Paper No. 7
Presentation Time: 10:20 AM
EVOLUTIONARY PROCESSES OF INCISED STREAMS IN THE SHADE RIVER BASIN, SOUTHEASTERN OHIO: IMPLICATIONS FOR HABITAT QUALITY AND STREAM HEALTH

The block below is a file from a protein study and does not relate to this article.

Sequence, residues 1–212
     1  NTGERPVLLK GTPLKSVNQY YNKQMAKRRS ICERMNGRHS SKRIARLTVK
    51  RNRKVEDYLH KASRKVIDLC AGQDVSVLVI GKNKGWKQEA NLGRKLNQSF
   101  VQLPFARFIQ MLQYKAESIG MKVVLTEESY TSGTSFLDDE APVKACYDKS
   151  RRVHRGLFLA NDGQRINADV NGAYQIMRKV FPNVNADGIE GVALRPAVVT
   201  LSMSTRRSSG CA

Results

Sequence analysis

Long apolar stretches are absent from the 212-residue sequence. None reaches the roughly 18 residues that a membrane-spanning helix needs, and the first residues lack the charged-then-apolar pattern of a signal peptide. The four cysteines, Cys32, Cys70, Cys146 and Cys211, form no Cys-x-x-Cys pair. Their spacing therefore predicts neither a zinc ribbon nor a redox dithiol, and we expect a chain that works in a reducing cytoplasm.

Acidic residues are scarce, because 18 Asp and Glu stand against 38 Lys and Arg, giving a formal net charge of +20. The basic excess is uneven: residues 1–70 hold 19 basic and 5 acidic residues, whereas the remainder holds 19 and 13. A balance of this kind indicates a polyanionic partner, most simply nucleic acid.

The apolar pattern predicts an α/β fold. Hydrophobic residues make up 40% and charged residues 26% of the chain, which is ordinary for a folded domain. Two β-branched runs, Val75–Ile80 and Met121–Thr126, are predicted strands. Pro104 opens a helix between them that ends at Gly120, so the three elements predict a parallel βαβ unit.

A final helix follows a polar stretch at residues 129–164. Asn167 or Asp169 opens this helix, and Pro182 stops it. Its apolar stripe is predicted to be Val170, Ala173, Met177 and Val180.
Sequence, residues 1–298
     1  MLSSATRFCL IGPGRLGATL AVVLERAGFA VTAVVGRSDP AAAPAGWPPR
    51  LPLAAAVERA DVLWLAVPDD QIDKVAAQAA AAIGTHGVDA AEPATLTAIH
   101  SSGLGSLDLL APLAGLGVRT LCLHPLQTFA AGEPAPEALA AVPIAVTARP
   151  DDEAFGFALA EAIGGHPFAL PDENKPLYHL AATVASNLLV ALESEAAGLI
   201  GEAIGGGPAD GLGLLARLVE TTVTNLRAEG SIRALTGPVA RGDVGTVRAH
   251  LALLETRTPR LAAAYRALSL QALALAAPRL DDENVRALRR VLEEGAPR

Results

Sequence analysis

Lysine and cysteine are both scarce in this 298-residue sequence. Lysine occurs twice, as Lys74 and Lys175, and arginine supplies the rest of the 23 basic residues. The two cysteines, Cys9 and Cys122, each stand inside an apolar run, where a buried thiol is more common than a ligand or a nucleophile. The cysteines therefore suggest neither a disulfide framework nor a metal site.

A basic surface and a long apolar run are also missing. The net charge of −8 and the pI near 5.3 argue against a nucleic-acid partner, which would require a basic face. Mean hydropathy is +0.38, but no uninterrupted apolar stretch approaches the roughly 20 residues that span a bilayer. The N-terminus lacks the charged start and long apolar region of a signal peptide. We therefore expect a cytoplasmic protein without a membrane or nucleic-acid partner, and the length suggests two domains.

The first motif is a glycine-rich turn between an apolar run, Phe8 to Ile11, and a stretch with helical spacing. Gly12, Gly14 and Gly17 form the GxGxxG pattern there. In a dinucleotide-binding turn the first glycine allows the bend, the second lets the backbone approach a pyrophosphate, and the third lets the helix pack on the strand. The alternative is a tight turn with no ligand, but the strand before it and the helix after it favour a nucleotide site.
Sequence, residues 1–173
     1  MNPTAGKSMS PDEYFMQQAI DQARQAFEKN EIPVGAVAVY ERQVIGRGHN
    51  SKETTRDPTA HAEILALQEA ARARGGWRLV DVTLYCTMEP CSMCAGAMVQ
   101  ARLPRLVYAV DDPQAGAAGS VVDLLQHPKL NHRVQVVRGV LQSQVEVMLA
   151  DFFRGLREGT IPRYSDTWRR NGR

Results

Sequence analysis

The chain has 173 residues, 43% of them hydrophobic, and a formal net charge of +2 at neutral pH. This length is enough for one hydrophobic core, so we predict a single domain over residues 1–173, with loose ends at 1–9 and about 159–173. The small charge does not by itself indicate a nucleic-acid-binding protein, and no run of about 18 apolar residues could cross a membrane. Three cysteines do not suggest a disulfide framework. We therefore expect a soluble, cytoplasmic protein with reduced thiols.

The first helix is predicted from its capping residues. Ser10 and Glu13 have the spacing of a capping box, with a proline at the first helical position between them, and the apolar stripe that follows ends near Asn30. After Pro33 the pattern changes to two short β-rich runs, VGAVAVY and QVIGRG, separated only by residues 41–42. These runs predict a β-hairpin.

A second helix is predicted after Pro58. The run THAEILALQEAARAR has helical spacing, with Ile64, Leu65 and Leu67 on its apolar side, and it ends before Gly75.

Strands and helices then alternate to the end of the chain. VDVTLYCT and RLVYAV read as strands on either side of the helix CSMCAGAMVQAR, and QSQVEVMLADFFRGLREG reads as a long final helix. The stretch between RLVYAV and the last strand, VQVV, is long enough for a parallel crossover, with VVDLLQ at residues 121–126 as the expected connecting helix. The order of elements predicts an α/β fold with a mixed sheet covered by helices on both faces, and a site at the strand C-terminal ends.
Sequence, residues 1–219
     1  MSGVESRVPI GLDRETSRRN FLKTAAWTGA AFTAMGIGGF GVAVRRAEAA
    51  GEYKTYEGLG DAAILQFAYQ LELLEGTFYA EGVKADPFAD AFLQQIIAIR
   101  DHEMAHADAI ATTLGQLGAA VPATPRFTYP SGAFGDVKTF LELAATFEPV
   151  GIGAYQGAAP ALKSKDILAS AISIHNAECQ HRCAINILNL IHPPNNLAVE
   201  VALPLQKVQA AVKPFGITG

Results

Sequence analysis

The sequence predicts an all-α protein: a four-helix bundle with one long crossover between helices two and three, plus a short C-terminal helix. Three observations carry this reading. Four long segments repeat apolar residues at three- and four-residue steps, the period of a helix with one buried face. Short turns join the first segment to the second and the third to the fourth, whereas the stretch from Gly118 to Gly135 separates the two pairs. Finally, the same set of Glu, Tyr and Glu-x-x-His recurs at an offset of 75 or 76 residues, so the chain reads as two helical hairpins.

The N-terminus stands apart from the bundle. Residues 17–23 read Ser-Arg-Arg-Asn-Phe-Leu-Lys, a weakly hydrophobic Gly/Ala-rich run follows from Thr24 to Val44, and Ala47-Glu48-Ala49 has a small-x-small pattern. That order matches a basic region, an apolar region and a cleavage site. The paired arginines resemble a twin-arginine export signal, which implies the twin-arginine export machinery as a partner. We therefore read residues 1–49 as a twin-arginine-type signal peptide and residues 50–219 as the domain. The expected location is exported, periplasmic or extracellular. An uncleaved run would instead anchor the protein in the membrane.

Stream channels in the Western Allegheny Plateau (Level III Ecoregion 70) display varying degrees of instability associated with channel incision, scour of channel banks (with and without mass wasting), and aggradation. In the Shade River basin of southeastern Ohio channel instability is widespread and moderately severe, contributing to impairment of water quality. We used process-based rapid geomorphic assessments to quantify channel instability in the Shade River basin, and coupled it with sediment, fish, and aquatic macroinvertebrate surveys to: (1) examine potential linkage between channel instability and channel-bed texture, and (2) explore the degree to which channel instability affects metrics of biological integrity. Early results suggest a positive relation between channel instability and indices of biological integrity for fish and aquatic macroinvertebrates, particularly at sites that are in active aggradation phases. At these sites deposition of sediment sheets within incised channels provides raw material for the generation and recovery of naturalistic bed- and barforms. Bed texture varies among sites, but is not obviously linked to localized differences among channels in evolutionary states and trajectories. Channel instability scores appear to account for more variation of biological integrity among unstable streams than the more widely applied Qualitative Habitat Evaluation Index (QHEI). These results raise fundamental questions concerning the assessment and ecological impacts of sedimentation, and further underscore the need to include geomorphic processes in the diagnosis and treatment of water-quality impairment.